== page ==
The EBA Guidelines are addressed to:
• competent authorities as defined in Article 4(2)(i) of Regulation (EU) No 1093/2010 (EBA authority). With respect to creditors and credit intermediaries referred to in the definition of ‘Institutions’ in paragraph 13, which are not credit institutions, payment institutions or electronic money institutions as referred to in that definition, the guidelines apply to the extent that those authorities have been designated as competent for ensuring the application and enforcement of the provisions of Directive 2014/17/EU to which these guidelines relate;
• financial institutions as defined in Article 4(1) of Regulation (EU) No. 1093/2010.

The banking products and services considered are credit agreements, deposits, payment accounts, payment services, payment instruments, other means of payment, electronic money, other forms of credit and credit agreements in line with Article 1(5)(e) of Regulation (EU) No. 1093/2010.
In designing remuneration policies and practices, intermediaries apply the same principles, taking into account all the risks of a conflict of interests between company, staff and clients - for all products and services (investment, payment or financing).

Even if there is a different scope in term of intermediaries, products and services with respect to the CRDIV and the ESMA Guidelines, ABI believes that the EBA Guidelines do not propose a different design for remuneration policies.

Therefore, in order to avoid conflicts of interests between company, staff and clients, ABI agrees with the design proposed: all companies operating in the same market should respect the same rules, governing investment and banking services.
The CRDIV and the ESMA Guidelines contain specific provisions about the documentation to be produced for public disclosure and supervision.

The principles in the EBA Guidelines are coherent with these provisions and do not generally represent an additional obligation for institutions. It seems appropriate to confirm these provisions in terms of their scope and application to the banking products and services.

However, documentation has to be kept for at least five years from the last date that it applied. The ESMA Guidelines do not contain the same provision. It is necessary to align the two regulations, as they apply, in many cases, to the same institutions.
On approval and monitoring, CRDIV and the ESMA Guidelines have the same provisions.
The principles in the EBA Guidelines are coherent with these provisions and do not generally represent an additional obligation for institutions.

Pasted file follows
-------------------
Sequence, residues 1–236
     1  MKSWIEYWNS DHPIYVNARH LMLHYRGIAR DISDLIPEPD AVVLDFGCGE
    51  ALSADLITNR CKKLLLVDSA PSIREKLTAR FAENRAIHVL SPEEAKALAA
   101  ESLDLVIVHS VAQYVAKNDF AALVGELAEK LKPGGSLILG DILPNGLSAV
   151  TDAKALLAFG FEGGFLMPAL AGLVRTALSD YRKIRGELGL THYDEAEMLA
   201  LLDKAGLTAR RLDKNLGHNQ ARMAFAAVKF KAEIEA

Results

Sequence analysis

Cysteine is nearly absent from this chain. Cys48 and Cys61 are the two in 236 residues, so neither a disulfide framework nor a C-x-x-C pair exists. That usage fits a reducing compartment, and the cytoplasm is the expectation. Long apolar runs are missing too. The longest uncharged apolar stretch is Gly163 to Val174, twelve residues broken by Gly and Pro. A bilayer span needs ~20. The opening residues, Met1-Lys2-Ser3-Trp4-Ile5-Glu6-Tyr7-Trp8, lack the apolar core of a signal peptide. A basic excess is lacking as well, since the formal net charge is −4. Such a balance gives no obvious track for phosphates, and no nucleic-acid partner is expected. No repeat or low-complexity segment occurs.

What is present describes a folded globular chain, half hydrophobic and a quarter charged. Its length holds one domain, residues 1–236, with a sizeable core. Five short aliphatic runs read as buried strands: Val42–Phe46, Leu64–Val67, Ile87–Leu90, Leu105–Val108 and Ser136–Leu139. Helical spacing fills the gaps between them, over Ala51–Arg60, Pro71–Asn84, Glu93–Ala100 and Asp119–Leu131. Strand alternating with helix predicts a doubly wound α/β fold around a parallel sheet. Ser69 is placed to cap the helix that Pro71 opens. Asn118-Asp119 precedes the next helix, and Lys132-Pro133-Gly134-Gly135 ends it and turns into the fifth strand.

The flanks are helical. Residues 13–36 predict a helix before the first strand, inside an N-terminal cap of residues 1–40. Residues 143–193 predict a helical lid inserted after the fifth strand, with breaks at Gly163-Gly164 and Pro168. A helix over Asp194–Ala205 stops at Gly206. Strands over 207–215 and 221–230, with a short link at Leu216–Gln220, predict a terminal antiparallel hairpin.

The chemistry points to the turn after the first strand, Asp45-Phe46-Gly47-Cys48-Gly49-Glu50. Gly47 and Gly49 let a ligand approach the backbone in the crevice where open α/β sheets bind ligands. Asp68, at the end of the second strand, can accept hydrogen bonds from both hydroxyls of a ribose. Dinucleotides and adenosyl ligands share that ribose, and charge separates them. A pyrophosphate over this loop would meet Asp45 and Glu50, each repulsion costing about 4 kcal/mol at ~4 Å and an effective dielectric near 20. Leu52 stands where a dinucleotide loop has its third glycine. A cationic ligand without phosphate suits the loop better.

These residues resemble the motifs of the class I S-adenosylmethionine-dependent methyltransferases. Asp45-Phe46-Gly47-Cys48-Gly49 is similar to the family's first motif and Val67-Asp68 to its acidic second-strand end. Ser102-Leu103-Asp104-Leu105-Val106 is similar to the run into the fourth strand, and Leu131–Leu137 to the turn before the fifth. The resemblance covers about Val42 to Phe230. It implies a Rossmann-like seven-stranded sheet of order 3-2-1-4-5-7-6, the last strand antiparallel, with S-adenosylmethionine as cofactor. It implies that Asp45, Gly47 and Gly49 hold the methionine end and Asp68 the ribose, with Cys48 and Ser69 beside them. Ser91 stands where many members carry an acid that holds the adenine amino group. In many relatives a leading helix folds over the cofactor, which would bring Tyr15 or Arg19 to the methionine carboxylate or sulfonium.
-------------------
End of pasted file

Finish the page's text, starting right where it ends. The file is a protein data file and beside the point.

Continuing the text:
Paragraph 3.2 says “The management body should seek a sound independent advice on the institution’s remuneration policies and practices in relation to the fulfilment of these guidelines. Where established, the remuneration committee may provide this independent advice.”
In order to avoid any doubt, ABI asks for specifying that, such independent advice should be provided by an independent internal control function, or by an independent internal body, or, where established, by the Remuneration Committee of the bank - instead of by an external body.
No additional requirements seem to be necessary.
Chapter 2, point 8 says “Competent authorities may wish to consider applying these guidelines in relation to persons other than consumers as defined in paragraph [13], such as micro-enterprises and small and medium-sized enterprises (SMEs).”

ABI deems it appropriate the pursuit of maximum harmonization on this item, concentrating on target of consumers.

In addition, ABI highlights that freedom to rule on this specific point creates different solutions and distortive effects from a competitive point of view. For this reason, ABI suggests deleting point 8.

For the same reason ABI suggests deleting point 9, chapter 2 “Finally, competent authorities may wish to consider extending the remuneration principles set out in these guidelines also to remuneration (also referred as “commissions”) paid by financial institutions to credit intermediaries.”

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ABI asks for using the definition of “remuneration” as provided in the EBA Guidelines on sound remuneration policies, published on 21st December 2015.

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As far as the definition of “remuneration” is concerned, ABI suggests specifying how to assess non-monetary forms of remuneration.

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ABI suggests that career progression should not be included in the definition of remuneration, preserving the current definition provided in the EBA Guidelines on sound remuneration policies, published on 21st December 2015.

Career progression is not directly linked to remuneration policies, but rather to the tasks assigned and then typified by applying specific legal, contractual, management and organizational rules. Further, the effects of career progression have a stabilizing nature and are more linked to the notion of fixed remuneration.

Where considered appropriate, it would be possible to evaluate the definition of a principle confirming that career progression depends on skills and responsibilities and is not a way to compensate results and performance that are subject to remuneration policies.